Rajni Bakshi, TNN 13 September 2009, 02:24am IST
It's rumoured the free market died in September 2008. Ever since, some people have been gleefully shovelling in the dirt in an attempt to make
sure 'free market' ideology is truly buried. Others are proclaiming, "the 'free market' is dead, long live the 'free market'."
Both are a bit deluded.
Last year's meltdown on Wall Street has vaporized the ground on which the old anti-market and pro-market duel was fought. An era of 'market reforms' seems to be giving way to a period when you and i - as citizens first and as buyers and sellers second - can express our freedom to reform the market.
Before mapping how this is happening, let us unbundle 'free' from 'market'. Our experience tells us freedom works. People have been coming together for the last 5,000 years in bazaars to exchange ideas, stories, goods and services. It was just about 200 years ago that these socially embedded bazaars were overwhelmed by an ideology called the 'free market', which held that the dance of supply and demand is not only the most reliable way of organizing material exchange but society itself.
Over the last few decades, societies across the world have renewed their fight against this version of a 'free market'. They seek to reconnect the good of the market system with social, ethical and ecological values. This is a two-fold rebellion. It wants democratic governments to ensure basic rights and entitlements but not become an overweight all-providing parent. The rebels are even more passionately fighting a market culture that enriches the already powerful.
Deep inside academia some of the rebels, who go by the name 'Post-Autistic Economics Network', a web-based network
, are forging analytical tools that reconnect economics with social, ethical and ecological concerns. This work is supported by developments, at the interface of economics and neurological research, which show that human beings are not quite the self-aggrandizing individual units that classical economics led us to believe. Earlier this month Nobel Prize-winning economist Paul Krugman added energy to these trends in an essay for the New York Times magazine titled "How Did Economists Get It So Wrong?"
Social activists and innovators in different corners of the world are reminding us that money is essentially an agreement based on trust, so we need not limit ourselves to money issued by governments or banks. Communities, who define themselves either by a common interest or by geographical proximity, are creating their own complementary currencies. They find that this not only gives them an advantage in interacting with the national and international economy but also links the freedom of bazaars with caring - which the tough-luck variety of 'free market' said must be restricted to family or charity.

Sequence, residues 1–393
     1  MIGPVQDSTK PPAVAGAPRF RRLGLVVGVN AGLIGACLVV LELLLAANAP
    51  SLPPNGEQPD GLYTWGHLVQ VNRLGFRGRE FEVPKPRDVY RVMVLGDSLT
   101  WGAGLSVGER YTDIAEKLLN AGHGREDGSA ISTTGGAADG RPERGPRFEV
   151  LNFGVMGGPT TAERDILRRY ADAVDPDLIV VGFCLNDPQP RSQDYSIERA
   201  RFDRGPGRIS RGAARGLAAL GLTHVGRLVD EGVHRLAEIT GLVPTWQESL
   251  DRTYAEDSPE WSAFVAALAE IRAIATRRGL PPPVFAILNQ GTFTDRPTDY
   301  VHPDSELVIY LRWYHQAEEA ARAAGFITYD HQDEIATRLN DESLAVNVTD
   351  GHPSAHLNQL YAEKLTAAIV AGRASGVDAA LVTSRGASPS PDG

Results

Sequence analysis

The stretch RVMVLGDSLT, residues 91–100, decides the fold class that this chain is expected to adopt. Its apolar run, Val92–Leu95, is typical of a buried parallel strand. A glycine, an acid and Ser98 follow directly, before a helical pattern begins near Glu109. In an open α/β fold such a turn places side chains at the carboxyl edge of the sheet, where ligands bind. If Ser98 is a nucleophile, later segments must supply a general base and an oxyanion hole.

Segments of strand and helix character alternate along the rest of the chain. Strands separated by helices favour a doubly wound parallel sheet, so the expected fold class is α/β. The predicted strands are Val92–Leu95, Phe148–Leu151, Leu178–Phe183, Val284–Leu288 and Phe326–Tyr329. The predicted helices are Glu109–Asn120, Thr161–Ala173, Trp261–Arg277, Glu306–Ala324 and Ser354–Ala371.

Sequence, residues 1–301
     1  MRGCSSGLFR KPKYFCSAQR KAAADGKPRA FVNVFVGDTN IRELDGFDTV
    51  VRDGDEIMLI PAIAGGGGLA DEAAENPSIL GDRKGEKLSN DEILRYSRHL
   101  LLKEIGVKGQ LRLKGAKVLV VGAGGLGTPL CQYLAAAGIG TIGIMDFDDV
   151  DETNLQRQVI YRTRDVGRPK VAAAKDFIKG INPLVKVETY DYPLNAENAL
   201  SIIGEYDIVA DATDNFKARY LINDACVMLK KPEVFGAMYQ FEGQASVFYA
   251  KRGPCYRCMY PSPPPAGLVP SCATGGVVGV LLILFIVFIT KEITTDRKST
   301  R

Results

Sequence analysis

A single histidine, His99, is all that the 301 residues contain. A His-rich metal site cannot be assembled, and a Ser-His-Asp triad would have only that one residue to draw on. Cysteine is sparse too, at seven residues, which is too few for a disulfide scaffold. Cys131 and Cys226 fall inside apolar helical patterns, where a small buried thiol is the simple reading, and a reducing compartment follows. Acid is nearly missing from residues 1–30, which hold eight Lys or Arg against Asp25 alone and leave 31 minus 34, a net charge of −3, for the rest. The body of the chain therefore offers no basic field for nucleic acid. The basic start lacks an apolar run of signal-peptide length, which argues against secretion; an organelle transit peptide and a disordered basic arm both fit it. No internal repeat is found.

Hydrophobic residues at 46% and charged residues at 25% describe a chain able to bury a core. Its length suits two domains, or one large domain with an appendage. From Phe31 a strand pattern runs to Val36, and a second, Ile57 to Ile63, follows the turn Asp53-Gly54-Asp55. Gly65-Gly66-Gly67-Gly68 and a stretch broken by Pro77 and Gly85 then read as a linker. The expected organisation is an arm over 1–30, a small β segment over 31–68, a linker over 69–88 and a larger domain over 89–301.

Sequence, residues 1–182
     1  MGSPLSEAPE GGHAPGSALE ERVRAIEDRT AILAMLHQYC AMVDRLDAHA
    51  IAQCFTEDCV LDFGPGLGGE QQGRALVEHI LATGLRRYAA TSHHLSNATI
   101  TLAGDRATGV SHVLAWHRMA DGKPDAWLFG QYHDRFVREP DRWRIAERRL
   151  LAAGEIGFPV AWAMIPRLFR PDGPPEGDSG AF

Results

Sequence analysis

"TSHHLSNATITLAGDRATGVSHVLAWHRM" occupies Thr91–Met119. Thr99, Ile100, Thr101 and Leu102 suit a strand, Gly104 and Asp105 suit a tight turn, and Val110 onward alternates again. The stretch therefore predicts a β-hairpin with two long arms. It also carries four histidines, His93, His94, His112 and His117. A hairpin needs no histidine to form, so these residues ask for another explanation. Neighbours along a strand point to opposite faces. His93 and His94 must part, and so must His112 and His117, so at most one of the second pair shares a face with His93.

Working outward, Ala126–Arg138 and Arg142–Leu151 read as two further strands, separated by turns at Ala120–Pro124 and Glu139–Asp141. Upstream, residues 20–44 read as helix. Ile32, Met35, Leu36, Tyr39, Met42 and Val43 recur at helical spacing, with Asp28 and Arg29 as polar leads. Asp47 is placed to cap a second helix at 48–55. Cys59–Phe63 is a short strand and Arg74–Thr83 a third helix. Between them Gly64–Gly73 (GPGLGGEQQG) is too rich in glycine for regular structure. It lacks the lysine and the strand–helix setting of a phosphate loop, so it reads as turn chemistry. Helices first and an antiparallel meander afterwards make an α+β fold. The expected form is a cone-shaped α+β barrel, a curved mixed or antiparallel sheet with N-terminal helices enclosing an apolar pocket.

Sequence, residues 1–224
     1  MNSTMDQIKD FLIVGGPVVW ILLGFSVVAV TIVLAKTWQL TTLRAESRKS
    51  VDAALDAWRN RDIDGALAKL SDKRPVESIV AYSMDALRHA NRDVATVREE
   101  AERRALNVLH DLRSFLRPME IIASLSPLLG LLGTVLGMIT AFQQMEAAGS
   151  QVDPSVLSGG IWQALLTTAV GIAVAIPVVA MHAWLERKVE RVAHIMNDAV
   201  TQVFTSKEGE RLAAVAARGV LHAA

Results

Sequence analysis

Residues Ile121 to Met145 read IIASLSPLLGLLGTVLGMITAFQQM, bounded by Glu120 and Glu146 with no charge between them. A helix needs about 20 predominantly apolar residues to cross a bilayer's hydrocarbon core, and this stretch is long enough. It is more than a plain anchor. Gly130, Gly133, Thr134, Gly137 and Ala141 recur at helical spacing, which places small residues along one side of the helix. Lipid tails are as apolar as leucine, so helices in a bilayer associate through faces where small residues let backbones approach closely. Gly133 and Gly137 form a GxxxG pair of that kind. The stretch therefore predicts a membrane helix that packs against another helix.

A segment of computer software designers have used the freedom to cooperate as the basis for a different business model. The bulk of servers through which we tap the Internet are running on software that is part of this model. It is known as both free software and open source. Their success overturns one of the most basic assumptions of the cramping version of 'free market' - that technological innovation is necessarily driven by the desire for windfall money profit.
Others working at the interface of environment and business have begun to redefine the concept of profit by rallying support for a triple bottom line. The old style 'free market' recognized only one bottom line - money profits. Today, many major corporations accept, at least in principle, they must not only make money but also show the social and environmental good they have generated. Across the world, an elaborate service industry now provides research and number crunching for triple bottom line accounting.
This, in turn, has fed the Socially Responsible Investing (SRI) sector, which now commands approximately $3 trillion globally. SRI funds apply both negative and positive screens. For example, they will not invest in a company that is destroying pristine forests or employing child labour. And they will seek out companies that are adopting technologies and business models that foster both social justice and environmental regeneration.
If all these trends have been gathering steam for well over two decades, you might ask, why was there a meltdown? Amy Domini, a pioneer of SRI, suggests this is partly because a hangover 'macho' attitude has remained deeply entrenched on Wall Street.
Those who are busy reconfiguring the market culture are not deluded idealists. They do not attempt to abolish greed and fear. Instead, they aim to locate the market mechanism in a more well-rounded view of reality.
Whether or not the meltdown has accelerated these trends is a matter of dispute. What matters is that these counter energies exist and they dare us to overcome the force of habit to explore how markets can be re-formed to fulfill both our individual desires as well as our need to serve the common good.
The writer's book, Bazaars, Conversations and Freedom: For a Market Culture Beyond Greed and Fear is recently published